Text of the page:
Rent control ordinances are creatures of local governments and in the narrowest sense refers to limits on how much rent landlords can charge, and spell out how much - and how often - landlords can raise the rent.
Yet, counties and cities can enumerate the reasons a tenant can be evicted and enact further protections like minimum lease terms, relocation payment assistance, special notice requirements, mediation services, buyout agreement regulations, and other safeguards.
These rules can be tricky, but don't fret - we understand the lay of the land. While we survey some of the ordinances below, the law is always subject to change, and so we invite you to stay dialed in to the latest happenings and insights.
City of Los Angeles
Rental units in Los Angeles on or before October 1, 1978, are subject to the city's Rent Stabilization Ordinance (RSO), although single-family homes, condominiums are exempt, along with limited luxury accommodations and affordable housing approved as exempt. Tenants cannot be evicted without just causes specified in the ordinance, and rent caps are tied to the regional Consumer Price Index (CPI), though the City throttles rent increases a bit - they will never be less than 3% and never greater than 8%.
In certain circumstances, landlords can recover costs to improvements made to the rental property through the Just & Reasonable Program. If the tenant is evicted through no fault of their own, relocation payments vary from $8,200 - $21,200. Alternatively, the landlord can dangle money, a rent waiver, or both, to entice the tenant to voluntarily vacate the unit. This comes with the caveat that the tenant can change their mind in a 30-day rescind period.
Unincorporated Los Angeles Communities
Effective April 1, 2020, a permanent Rent Stabilization Ordinance will tie annual rent increases to the Consumer Price Index, not to exceed 8 percent. Rent hikes are based on the legal "base rent" a tenant was paying on September 11, 2018.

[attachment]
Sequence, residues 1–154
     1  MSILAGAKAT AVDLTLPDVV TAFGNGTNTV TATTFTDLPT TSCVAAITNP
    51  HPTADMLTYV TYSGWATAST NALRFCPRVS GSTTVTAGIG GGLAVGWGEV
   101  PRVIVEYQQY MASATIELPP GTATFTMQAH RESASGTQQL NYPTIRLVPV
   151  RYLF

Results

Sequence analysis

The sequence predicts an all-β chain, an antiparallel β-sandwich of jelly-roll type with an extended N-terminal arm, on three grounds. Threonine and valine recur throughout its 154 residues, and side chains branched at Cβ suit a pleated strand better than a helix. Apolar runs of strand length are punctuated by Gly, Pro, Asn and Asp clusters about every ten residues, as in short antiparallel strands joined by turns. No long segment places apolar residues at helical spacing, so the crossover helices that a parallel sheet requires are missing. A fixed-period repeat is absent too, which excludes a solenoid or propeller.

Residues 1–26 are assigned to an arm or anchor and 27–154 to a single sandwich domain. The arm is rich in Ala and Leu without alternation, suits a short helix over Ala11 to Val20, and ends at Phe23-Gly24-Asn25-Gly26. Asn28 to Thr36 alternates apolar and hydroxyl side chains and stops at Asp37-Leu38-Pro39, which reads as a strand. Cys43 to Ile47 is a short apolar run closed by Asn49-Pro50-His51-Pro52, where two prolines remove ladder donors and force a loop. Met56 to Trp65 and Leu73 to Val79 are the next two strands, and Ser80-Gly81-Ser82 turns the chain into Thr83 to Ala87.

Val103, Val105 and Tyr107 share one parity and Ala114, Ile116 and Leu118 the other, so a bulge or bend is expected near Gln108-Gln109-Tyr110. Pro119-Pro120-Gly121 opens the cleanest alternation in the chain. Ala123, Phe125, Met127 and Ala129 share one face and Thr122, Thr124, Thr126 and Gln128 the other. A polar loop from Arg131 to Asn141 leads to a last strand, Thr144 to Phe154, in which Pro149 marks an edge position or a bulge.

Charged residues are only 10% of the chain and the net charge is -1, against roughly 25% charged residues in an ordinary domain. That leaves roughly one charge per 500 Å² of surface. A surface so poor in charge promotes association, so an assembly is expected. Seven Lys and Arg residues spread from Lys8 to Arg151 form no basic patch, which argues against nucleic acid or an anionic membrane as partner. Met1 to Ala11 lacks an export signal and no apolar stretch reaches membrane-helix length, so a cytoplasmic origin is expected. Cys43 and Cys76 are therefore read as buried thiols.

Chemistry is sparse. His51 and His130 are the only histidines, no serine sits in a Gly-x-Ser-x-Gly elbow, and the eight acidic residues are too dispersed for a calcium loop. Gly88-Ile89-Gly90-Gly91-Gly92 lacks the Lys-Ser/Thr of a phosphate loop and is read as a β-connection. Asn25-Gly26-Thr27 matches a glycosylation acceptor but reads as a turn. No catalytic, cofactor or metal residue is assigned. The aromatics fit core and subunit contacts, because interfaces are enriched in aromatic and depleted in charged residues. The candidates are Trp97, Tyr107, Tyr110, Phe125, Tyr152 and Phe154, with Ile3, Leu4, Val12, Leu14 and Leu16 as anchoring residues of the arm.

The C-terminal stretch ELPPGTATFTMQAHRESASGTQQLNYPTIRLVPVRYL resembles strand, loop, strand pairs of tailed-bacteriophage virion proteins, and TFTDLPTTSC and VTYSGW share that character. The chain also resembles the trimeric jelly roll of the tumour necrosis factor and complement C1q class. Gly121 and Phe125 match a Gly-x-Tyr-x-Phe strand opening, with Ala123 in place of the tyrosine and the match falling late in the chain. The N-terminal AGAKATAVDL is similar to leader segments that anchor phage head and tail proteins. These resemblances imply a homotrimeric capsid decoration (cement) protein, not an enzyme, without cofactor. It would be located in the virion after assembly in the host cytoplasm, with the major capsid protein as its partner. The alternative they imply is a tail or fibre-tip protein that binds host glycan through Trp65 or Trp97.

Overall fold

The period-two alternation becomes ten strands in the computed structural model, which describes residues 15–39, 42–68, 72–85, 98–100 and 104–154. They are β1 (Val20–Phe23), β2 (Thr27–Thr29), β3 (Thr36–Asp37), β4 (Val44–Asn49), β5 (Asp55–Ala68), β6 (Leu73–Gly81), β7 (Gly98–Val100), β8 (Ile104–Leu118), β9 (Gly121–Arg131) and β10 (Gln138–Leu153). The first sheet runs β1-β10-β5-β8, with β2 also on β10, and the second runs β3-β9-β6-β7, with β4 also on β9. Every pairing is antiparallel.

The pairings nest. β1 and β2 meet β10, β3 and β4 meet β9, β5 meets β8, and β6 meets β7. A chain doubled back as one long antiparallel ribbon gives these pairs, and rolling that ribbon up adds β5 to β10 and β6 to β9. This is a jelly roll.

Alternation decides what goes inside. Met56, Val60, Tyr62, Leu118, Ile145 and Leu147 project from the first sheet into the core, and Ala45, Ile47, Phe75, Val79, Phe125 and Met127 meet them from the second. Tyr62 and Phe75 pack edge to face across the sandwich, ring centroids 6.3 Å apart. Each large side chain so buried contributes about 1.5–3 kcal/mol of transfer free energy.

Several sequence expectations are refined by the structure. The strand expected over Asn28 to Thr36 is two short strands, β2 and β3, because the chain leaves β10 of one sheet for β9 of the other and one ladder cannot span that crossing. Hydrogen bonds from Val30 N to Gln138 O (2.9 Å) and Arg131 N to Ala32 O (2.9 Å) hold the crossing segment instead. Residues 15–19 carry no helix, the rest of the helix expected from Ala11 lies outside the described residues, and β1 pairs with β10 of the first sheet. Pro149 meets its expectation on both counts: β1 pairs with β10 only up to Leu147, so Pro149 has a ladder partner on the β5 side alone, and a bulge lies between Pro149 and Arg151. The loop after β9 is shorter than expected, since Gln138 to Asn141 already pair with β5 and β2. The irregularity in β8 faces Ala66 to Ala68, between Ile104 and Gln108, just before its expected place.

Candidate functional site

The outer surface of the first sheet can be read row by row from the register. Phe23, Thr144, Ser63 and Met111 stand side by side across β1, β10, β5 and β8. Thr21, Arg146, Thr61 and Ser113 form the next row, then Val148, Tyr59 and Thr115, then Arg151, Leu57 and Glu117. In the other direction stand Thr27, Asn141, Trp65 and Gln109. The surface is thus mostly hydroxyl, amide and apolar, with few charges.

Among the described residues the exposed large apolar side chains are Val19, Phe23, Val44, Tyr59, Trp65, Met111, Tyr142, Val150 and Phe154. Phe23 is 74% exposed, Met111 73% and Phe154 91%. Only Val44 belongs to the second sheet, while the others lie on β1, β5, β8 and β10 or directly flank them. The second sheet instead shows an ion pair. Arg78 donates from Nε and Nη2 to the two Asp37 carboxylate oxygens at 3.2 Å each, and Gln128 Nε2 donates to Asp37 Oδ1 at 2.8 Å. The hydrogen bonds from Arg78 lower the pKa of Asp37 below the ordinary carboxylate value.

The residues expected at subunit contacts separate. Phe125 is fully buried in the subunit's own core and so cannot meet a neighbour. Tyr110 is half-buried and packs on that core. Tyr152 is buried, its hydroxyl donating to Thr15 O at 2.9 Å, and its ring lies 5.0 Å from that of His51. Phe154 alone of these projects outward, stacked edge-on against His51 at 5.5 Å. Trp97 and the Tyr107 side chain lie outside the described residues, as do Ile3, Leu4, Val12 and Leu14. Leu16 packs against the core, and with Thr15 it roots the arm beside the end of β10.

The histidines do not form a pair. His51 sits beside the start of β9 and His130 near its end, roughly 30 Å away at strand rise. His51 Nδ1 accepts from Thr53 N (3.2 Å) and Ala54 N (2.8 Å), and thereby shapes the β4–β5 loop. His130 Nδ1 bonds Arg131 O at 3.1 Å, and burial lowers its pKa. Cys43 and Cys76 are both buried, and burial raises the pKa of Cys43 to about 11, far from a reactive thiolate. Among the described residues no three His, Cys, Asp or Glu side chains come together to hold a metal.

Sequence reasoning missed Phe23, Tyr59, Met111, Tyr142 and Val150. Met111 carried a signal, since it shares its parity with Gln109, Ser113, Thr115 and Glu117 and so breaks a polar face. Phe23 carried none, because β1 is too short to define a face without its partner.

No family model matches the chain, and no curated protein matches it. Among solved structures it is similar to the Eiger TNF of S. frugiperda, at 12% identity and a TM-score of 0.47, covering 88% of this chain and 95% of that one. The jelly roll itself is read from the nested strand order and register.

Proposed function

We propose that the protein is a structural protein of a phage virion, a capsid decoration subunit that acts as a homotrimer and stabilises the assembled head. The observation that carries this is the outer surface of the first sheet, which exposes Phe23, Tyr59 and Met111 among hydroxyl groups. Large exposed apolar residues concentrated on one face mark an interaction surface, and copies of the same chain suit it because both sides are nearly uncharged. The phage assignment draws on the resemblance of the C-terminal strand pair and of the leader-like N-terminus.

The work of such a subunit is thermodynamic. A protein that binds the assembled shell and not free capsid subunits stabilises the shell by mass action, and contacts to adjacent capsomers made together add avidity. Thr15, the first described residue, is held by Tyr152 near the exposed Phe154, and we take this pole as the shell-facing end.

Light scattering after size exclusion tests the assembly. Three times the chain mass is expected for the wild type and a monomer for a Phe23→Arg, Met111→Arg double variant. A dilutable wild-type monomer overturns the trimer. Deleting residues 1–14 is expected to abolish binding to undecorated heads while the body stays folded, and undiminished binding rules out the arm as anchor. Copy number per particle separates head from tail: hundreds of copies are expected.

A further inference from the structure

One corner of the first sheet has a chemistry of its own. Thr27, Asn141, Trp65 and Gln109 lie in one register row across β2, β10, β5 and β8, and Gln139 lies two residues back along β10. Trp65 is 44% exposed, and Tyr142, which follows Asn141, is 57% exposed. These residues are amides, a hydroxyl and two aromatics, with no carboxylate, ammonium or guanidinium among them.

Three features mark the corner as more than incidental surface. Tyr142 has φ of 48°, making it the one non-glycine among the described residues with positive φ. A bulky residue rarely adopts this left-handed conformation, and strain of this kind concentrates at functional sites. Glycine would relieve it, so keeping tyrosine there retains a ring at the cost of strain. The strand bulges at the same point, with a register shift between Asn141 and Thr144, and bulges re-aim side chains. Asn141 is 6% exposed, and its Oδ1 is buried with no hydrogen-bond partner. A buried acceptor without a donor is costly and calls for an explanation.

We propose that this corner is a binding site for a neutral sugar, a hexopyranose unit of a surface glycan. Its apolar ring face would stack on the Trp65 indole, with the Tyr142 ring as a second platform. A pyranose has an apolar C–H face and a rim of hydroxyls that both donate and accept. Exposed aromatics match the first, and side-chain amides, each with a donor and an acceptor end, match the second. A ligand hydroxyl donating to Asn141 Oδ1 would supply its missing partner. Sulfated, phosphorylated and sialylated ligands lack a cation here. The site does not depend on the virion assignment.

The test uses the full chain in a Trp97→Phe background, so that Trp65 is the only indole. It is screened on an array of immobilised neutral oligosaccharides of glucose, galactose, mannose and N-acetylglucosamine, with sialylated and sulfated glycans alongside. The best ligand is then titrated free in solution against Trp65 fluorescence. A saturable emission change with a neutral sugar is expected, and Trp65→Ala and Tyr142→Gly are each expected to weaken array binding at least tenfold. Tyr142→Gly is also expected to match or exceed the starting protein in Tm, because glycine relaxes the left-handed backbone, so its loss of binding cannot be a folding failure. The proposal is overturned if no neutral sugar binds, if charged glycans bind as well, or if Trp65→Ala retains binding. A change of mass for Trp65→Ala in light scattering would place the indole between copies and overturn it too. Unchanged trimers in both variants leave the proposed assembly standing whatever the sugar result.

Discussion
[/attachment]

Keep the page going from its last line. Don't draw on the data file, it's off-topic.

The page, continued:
If the tenant is temporarily displaced or evicted through no fault of their own, landlords are required to pay relocation assistance, ranging from $7,000 to $14,000.
Tenant buyout agreements whereby the tenant agrees to vacate the rental unit in exchange for compensation, a rent waiver, or both, are viable vehicles to transition the tenant out, but the tenant has the opportunity to change his or her mind with a 30-day rescind period.
The Santa Monica Rent Control Board has announced a General Adjustment (GA) of 2% for eligible units, with a maximum $44 increase for rents of $2,175 and above. Most units constructed after April 10, 1979 are exempt, as well as most single-family homes, condominiums and owner-occupied properties that have three or fewer units. Tenants can only be evicted for limited reasons under just cause eviction protections.
Culver City landlords are limited to rent increases of 3% above the rent that was in place on June 11, 2019. The rent cap applies to rental units constructed prior to February 1, 1995. Single-family homes, separately owned condos and townhouses, owner-occupied mobile homes, and Section 8 housing is exempt from rent caps. "For cause" and "no-fault" grounds are required for evictions, and if the tenant is displace through no fault of his or her own, the landlord may be on the hook for relocation assistance equal to three times monthly rent, plus $1,000.
Keep in mind, this was a temporary ordinance that will expire on August 11, 2020 unless a more permanent measure is enacted after the City conducts further study.
Rental property owners are blocked from increasing rents more than 5 percent annually, although the City wants to acknowledge landlords who have resisted the temptation to raise rents in an epicenter of growth, or dig deep into their pockets to make substantial improvements to the property.
Inglewood landlords are permitted to raise the rent 3 percent above the cap if their units are already priced below 80 percent of the fair market rate, as determined by HUD. Owners can similarly tack on another 3 percent if they complete upgrades that are worth more than $100,000. Rent cap increases will be decided on a case-by-case basis by a housing commission.
If the Consumer Price Index rises more than 5 percent, the rent cap will automatically increase. For units built after February 1, 1995, the ordinance will not apply. Properties with 4 or fewer dwelling units are also exempt, as well as single family homes and condominiums, subsidized housing, and other miscellaneous units.
Inglewood tenants who are evicted without a just cause who has lived in a unit two years are more will be entitled to relocation fees equal to three times the average rent.
more cities coming soon...
Events to help you better understand rent and eviction controls
Paulina is renowned for giving presentations that breaks down onerous regulations in an easily digestible fashion. If your team is interested in a workshop, she is happy to visit your offices for an informative talk on new laws and the best practices in landlording and property management.